Labs

Histogenetic Dynamics

Team Leader
Erina Kuranaga (Ph.D.)

The development of multicellular organisms involves the collective effect of multiple events at the level of the individual cell, such as proliferation, differentiation, adhesion, and migration. Programmed cell death, for example, is a process by which cells are selected for death at set times in development, allowing for the sculpting of tissue, and is used in the adult organism to maintain homeostasis by eliminating cells that have developed abnormalities. Perturbations in cell death signaling can thus affect an organism’s physiological stability, and result in developmental defects, tumorigenesis, or neurodegenerative disease. Cell death plays an important role in maintaining the cellular society not only by eliminating unneeded cells at given sites and stages, but in other functions, such as regulating the proliferation and migration of neighboring cells, as well. Such cellular behaviors give rise to cell networks capable of organizing into tissues, the study of which requires a experimental approach to spatiotemporal information in living systems, such as can be obtained through the real-time live imaging of biological phenomena.

We have chosen the fruit fly Drosophila melanogaster as our primary research model, seeking to take advantage of its utility in developmental studies and wealth of genetic data in studying the coordination of histogenesis through live imaging and genetic screens. To elucidate the role of cell death in histogenetic processes, we will analyze caspase mutant phenotypes in which the exterior male genitalia (terminalia) develops abnormally. In normal Drosophila development, the terminalia rotates 360° as it forms, but in caspase mutants, this revolution is incomplete. Image analysis reveals that in wildtype, the speed of this rotation is variable, with distinct initiation, acceleration, deceleration, and termination stages; caspase inhibition results in loss of the acceleration phase, and failure in terminalia development. We will seek to identify how caspase function and cell death control acceleration of the rotation through searching for associated genes and live imaging analysis. It has further been predicted that cell death alone cannot account for rotation that maintains tissue area, suggesting other mechanisms are also at work. We will conduct single-cell analyses to determine whether other behaviors such as proliferation or migration are also altered. Through the use of the extensive Drosophila genetics toolset and live imaging technologies, we hope to be able to address questions that have proven technically challenging in the past, and by visualizing the activities of individual cells, develop a better understanding of how cellular network systems work in histogenesis.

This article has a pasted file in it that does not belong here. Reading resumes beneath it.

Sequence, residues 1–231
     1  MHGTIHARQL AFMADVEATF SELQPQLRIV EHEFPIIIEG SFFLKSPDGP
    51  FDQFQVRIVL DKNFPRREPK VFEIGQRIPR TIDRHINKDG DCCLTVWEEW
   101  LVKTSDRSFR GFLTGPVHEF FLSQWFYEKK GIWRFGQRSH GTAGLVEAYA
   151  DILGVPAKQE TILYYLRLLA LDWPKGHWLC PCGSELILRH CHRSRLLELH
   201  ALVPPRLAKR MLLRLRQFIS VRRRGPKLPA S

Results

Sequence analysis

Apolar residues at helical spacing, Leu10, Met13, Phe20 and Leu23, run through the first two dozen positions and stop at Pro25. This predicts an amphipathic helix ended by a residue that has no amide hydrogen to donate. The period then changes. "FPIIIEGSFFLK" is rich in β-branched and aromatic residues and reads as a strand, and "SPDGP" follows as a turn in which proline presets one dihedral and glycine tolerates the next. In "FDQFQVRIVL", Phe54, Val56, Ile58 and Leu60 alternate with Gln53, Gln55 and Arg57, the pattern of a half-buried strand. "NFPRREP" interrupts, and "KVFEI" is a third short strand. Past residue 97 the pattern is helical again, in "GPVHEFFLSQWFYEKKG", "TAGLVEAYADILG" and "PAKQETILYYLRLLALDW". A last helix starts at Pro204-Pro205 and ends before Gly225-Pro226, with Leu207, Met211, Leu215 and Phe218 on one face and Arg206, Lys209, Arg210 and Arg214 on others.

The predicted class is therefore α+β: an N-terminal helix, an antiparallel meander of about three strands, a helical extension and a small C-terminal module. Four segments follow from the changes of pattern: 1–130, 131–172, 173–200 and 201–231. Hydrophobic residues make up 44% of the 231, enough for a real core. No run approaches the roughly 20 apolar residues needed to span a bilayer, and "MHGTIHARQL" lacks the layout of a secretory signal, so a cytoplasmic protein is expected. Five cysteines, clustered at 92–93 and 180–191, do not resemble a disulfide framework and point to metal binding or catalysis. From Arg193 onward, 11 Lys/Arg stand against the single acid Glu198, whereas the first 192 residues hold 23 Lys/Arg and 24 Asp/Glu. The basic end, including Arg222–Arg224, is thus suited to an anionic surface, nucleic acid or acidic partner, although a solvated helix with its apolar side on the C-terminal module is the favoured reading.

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Lab Homepage

kuranaga[at]cdb.riken.jp

Recruit

Dorsal (left) and ventral (right) views of Drosophila pupae that express fluorescent protein in cells located posterior component of each segment. Location of male genitalia is pointed in yellow square.
Caudal view of a Drosophila male terminalia showing cells in posterior compartment (green).
Caudal view of DE-Cadherin:GFP-expressing Drosophila. This image was taken before rotation.
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